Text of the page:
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A compound microscope is virtually recognizable anywhere, with its symbolic curved arm, heavy flat base, and delicate lens-bearing tubes stacked on top. We see it in almost every school or laboratory on earth that needs to deal with tiny things. But how does it work? In this article, we will explain the working principle of microscopes. Read on!
To understand how something works, you will need to know what it is made up of. For that, please first read up on the parts of a microscope . You would also need to have a basic idea about how lenses work, in the first place. Without that understanding, it would be impossible to figure out how a microscope works.
Primarily, a microscope ‘magnifies’ the view of something, anything that is on its point of focus. It has two lenses that work together to create an enlarged image of a specimen placed under the ‘objective’ lens. And now you know why it is called that ‒ because it is the one closest to the objective. Conversely, the lens closest to the eye is called the ‘oculus’ (from the ancient Greek word for eye).
You can actually do this at home using two hand-held lenses. Hold one lens close to a small thing, like a letter on paper. Now hold another hand-lens some distance above it so that you can see through both lenses at once to the letter. Move your hands up or down to adjust, and suddenly at one point, you’ll see the letter shockingly bigger!
A microscope enlarges the view of an object by enlarging it twice using the objective and oculus lenses. It happens in the following way:
Since the light comes through the image, this type of microscope is called a bright-field microscope. Indeed, the final image is sometimes so bright that there is a dedicated control to reduce the amount of light that pours into the specimen.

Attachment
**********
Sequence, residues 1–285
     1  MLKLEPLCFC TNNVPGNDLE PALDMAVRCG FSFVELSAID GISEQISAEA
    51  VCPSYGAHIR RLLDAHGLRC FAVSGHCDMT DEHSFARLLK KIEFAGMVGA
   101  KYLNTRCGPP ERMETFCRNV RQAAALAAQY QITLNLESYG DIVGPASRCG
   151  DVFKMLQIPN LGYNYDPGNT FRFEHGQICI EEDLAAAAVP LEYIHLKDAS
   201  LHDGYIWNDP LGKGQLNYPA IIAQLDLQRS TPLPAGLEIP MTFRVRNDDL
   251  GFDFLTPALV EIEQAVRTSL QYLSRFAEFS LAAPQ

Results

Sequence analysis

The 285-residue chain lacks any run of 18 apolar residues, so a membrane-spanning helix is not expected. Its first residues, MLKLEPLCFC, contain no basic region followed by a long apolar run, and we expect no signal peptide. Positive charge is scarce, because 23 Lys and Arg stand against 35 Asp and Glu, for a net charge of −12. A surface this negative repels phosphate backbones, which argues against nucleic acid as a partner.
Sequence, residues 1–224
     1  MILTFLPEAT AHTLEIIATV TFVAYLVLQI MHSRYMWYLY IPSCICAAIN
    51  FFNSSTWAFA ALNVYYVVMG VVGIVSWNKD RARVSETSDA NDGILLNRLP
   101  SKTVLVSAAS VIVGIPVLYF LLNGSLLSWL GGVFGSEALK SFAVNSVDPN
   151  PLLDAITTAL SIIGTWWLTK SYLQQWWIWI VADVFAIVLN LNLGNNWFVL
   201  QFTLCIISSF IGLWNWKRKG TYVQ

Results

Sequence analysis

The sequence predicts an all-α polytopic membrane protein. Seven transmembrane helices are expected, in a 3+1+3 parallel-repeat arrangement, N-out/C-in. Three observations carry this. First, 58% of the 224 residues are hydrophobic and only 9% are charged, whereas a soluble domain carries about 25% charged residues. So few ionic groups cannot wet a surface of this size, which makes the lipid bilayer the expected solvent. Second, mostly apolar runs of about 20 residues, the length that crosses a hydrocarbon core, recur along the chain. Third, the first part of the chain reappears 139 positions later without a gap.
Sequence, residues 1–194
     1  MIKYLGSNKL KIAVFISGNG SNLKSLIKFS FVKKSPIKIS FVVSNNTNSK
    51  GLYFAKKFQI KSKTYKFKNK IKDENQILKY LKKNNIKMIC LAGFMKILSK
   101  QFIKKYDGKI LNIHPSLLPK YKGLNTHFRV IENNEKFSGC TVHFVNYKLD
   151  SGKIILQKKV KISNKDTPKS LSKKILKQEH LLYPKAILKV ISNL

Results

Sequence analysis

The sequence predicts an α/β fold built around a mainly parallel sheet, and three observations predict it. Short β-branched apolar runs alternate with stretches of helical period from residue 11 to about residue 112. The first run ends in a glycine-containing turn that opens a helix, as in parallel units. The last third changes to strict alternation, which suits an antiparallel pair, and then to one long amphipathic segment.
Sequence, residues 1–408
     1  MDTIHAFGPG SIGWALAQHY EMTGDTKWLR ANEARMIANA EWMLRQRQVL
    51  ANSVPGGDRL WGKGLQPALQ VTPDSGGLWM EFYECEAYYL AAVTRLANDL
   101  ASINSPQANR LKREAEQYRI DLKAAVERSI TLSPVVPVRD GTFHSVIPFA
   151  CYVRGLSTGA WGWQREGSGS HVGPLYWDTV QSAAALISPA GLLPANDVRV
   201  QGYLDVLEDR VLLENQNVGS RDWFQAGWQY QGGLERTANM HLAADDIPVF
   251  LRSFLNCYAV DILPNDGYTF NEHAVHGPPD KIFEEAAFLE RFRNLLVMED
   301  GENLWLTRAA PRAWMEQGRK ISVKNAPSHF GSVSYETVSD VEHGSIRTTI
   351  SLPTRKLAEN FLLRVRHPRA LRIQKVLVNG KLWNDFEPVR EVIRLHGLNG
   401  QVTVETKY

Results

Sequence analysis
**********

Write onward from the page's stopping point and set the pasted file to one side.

The only math that matters here is how much your final image is magnified than the original object. This is called the final magnification and it is denoted by X. It means how many times it is enlarged. For example, a 100x magnification means that the final image of the specimen will be a hundred times bigger than the specimen.
There is a simple formula to find out the final magnification of a compound microscope. It is:
Since the magnifications of those lenses are given in power, you can say that the total magnification will be the product of the powers of objective and oculus lenses.
If, however, someone asks you the relation between the focal lenses of these lenses and the final magnification, things get a little bit complicated. The formula for that depends upon not only the focal lengths of the lenses, but also the distances they are placed in the body tube. The formula is:
So, now you know how a microscope works and the working principle of a microscope, you are almost ready to use one. But before that, you have to learn how to set up a microscope , because that is the start of a practical session ‒ theory won’t cut it here!
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